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this week, he got a lot of flack from fellow republicans for his decision to withhold his vote basically hold hostage until there is some sort of hearing for this bill to protect the special continental from being fired. this is a lost cause, why is jeff make pushing that when republican leaders will never let this go to a vote. >> the last -- he's leaving office in a few weeks but he has felt, he has told us several times felt increasing cleon concerned about the fate of the mueller probe by appointment of matt whitaker as acting attorney general, he has had public comments before his current position that disparage the mueller probe, all democrats share that concern as well. i've been asking some republican sources why not just give jeff flake the vote to move on. you guys can vote on all the judges you want, this would be a very difficult -- first of all, people say, don't want to reward
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bad behavior on capitol hill sometimes that works, also going to be a difficult vote for a lot of republicans they want to avoid that. >> brennan: the organization is reporting on this as well. jeff flake was blamed for bloc blocking certain federal judge from moving ahead. it's really not just all about jeff flake on this one particular issue, right? you had uncovered some reporting about thomas barr. >> he was a person who was up for federal judgeship in north carolina, worked for jessie hems in '84 and '90 we at the "washington post" uncovered doj member this week that a lot of senators, growing group of senators including tim scott who said he would vote against nominee. but other senators as well that said raise question about whether this nominee had any knowledge or involvement in this effort to di disenfranchise blak voters during the is the 90. first of all, while trump has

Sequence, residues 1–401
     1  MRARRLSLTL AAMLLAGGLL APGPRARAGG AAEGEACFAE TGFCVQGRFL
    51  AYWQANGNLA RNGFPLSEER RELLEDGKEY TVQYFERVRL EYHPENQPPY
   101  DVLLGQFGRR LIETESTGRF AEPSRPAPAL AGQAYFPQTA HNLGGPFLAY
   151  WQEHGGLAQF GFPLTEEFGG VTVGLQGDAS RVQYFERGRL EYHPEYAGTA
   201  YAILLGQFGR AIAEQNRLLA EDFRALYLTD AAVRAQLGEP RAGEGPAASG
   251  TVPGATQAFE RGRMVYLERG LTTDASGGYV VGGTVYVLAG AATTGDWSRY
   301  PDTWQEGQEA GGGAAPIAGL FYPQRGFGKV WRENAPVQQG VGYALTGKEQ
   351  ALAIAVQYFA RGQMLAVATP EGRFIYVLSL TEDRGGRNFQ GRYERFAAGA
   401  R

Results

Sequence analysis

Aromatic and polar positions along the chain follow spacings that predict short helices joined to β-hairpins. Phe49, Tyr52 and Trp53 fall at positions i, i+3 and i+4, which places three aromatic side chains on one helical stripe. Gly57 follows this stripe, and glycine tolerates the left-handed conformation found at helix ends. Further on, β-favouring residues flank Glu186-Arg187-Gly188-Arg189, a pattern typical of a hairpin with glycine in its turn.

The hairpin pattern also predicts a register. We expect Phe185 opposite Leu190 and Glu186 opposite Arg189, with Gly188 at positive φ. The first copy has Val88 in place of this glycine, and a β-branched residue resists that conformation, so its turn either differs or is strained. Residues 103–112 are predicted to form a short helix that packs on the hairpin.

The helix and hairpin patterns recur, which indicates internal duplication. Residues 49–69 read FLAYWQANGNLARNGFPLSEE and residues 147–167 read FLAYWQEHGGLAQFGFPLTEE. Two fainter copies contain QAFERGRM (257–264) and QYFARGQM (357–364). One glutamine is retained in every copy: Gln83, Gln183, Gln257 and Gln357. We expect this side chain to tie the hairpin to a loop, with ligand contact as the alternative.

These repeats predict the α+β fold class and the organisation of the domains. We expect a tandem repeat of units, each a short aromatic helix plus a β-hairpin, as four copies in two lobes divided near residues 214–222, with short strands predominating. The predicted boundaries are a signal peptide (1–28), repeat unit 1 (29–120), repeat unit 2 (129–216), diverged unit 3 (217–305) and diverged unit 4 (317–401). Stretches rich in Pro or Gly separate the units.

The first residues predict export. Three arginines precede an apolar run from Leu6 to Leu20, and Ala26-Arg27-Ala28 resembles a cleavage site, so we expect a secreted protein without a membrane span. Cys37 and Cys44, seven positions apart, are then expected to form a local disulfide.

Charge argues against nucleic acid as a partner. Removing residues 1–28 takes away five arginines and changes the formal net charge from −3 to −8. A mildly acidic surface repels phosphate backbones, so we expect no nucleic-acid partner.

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had a lot of success in transforming the federal judiciary he still running into lot of obstacles. two, the senate very narrow majority, one person rellly does have a lot of power here. >> brennan: david, the president in leaving argentina the gathering at the g0, gathe gathering of world ledders a major success in coming to agree with china. what was actually agreed to? >> a more limited success. it did avert something of a poe sen shall, i don't think catastrophe. next level of this trade war. could have gone but they sm have averted that for 90 days. they will have a truce, temporary cease fire. the president will not raise the $00 billion. something china didn't want. return, agree to buy some more goods and declare fentanyl as
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controlled substance, something that the president wants to show that he was making inroads to deal with the opioid crisis. but i think more -- deeper analysis shows that these intrinsic problems on trade are not going away to say could happen within 90 days somewhat unrealistic. >> it does seem, though, that he blinked a little bit, a lot of bluster about china, when push comes to shove here we are. we was generally, oddly, u uncharacteristically subdued. he signed on to the statementnoh putin and muhammad saalman. if you didn't know better you wk written by more traditional presidents in multi-lateral settings. i just found that noteworthy. the press conference referred to the eulogy that george h. w. bush as well.
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but i think the president is feeling pressure on trade. announcemenannouncement from g.y off 15,000 people, other stock market volitility has worried the white house, this is something that the economy, one of their biggest focuses as he starts to enter. >> brennan: says he's not being given credit. how easy will it be to get this new nafta as the president is naming it? >> i just started to look into statements of what senators have said. you have elizabeth warren, it doesn't have enough protection for workers. saying he doesn't like these provisions involving investor protections in that new agreement. you have senator rubio also saying, this deal is going to really hurt florida's seasonal vegetable grower industry. there's a lot of broader philosophical concerns. and either administration is going to have to twist arms here